If you’ve paid any attention to the Brewers’ last week, you’ve seen some crazy stuff. Take Friday night, when Yuniesky Betancourt and Carlos Gomez had what were arguably the two biggest hits of the game. Or Sunday, when the Brewers’ huge (chances of winning went from 19 to 87%) fifth inning was bookended by a Jerry Hairston double and a Betancourt homer. Or Monday, when Albert Pujols… OK, never mind.
This, in a nutshell, is why the Cardinals can beat the Phillies in a five-game playoff series and Zack Greinke can get shelled in back-to-back October starts: The sample size is small enough that anything can happen and usually does. Whether you attribute it to clutch ability, a hot streak, or random variation (the “Blind Squirrel” cliché comes to mind), the postseason is a crazy, unpredictable thing, and doesn’t even lend itself well to educated guesses more than five minutes into the future, but does mean you can pull up some of the top hitters through any given point in the postseason and find a very interesting collection of hot streaks, small-sample flukes, and stars shining in the moment.
Today, we’re going to look at the Brewers’ top three hitters this postseason, and what to expect going forward for each of them.
Ryan Braun (.483/.559/.897):
Neither words nor numbers really do justice to what Braun has done this postseason, but we’ll give it a try. Going by the old Bill James model, Braun has created almost this October, which would account for 40% of the Brewers’ scoring. (Please don’t take this literally. Anyone who tries to argue for the real-world truth of that last statement will be sentenced to a long conversation with Joe Morgan.) Also, Braun has had five multi-hit games this postseason while also chipping in six doubles and four walks. What he has done so far is unbelievable, and as hard as it is to see him keeping up, it’s worth remembering that even if he regresses significantly over the remainder of the postseason, there’s a good chance he’ll still be the best hitter on the field wherever he goes.
Yuniesky Betancourt (.367/.387/.600):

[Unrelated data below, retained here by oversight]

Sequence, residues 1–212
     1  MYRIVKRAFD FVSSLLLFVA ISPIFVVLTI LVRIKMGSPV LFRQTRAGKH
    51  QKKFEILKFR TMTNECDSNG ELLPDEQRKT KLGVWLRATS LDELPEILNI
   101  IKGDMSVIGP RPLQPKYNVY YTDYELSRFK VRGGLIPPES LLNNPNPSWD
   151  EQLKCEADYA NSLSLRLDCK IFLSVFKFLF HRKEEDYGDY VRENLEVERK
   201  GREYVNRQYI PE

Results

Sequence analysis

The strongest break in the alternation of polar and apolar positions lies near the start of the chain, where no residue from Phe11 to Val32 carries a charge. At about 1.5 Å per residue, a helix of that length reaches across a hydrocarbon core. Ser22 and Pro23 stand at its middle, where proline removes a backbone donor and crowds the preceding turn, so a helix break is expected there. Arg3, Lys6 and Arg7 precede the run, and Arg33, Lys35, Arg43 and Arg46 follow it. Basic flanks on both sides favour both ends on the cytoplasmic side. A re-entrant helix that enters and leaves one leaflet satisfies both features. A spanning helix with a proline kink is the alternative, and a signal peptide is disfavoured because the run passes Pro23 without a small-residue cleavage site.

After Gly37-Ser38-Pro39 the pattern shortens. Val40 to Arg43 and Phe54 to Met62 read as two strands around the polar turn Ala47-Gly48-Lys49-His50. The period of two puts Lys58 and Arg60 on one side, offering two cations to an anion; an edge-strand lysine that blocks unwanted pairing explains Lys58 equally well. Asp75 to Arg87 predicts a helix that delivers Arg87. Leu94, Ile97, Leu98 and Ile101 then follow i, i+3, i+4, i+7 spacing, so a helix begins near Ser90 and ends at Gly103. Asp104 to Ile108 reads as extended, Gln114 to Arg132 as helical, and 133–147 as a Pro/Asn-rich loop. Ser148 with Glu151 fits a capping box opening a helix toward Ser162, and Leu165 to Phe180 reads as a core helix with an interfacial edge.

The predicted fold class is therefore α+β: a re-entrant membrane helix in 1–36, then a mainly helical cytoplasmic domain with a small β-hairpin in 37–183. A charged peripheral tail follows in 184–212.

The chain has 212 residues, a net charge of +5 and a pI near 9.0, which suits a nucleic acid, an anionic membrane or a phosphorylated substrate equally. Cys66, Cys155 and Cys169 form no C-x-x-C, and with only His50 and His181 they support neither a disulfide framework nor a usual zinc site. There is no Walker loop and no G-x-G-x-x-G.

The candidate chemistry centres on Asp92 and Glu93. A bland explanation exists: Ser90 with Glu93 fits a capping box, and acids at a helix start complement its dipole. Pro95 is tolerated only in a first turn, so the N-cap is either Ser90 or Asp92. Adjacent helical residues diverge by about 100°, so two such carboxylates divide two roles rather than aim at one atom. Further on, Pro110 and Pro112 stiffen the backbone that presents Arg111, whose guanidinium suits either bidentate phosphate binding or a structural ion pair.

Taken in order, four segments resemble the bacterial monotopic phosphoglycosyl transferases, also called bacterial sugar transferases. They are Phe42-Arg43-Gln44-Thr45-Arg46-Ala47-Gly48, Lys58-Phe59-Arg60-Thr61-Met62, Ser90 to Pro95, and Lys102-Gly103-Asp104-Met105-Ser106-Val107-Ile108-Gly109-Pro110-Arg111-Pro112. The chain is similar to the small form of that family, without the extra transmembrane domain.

It’s hard to know what went on here. Maybe Betancourt felt a sudden surge of self confidence after seeing his huge face in the mirror, maybe he got sick of hearing the media make cracks about him, or maybe he’s just on one of the random semi-hot streaks that he has been known to show, but let’s say it: Betancourt is on his game right now, and at just at the right time. In addition to his sudden fit of slugging, Betancourt has managed to make at least a few plays in the field while likely saving the Brewers’ season on Friday night by ranging to his left and getting the force at second to bail John Axford out in the ninth. Also, wonder of wonders, Betancourt has drawn one unintentional walk! How long he can put off being Yuni is anyone’s guess, but a-week-and-a-half of hitting like Albert Pujols isn’t going to mean a lot in the grand scheme of things when you consider he’s spent five seasons hitting like the marginal player he is. Let’s hope his employers realize that, too.
Jerry Hairston (.357/.394/.464):
I’ve said this before, but Hairston has made Ron Roenicke look like a genius for starting him over Casey McGehee for the NLDS, combining small-sample magic at the plate with solid work at the hot corner. Having (hopefully) found his groove after a lukewarm September (.224/.345/.367), Hairston has recorded a hit in every game this postseason except for last Friday’s Game 5, where made one of the loudest outs in recent memory, a drive to the warning track in dead center that was caught thanks to an incredible effort by Chris Young. Hairston’s hot streak has also had the dual benefit of pushing (usually) weaker bats like Betancourt and Carlos Gomez further down the order. (On the other hand, if Hairston wasn’t playing at third every day, the "Kotsay in center" nightmare would have never happened.) As with Betancourt, an eight-game postseason tear doesn’t change who Hairston is: There isn’t a team in baseball that wouldn’t love to have him on their roster, but making him your starting third baseman isn’t what you’d call a long-term solution.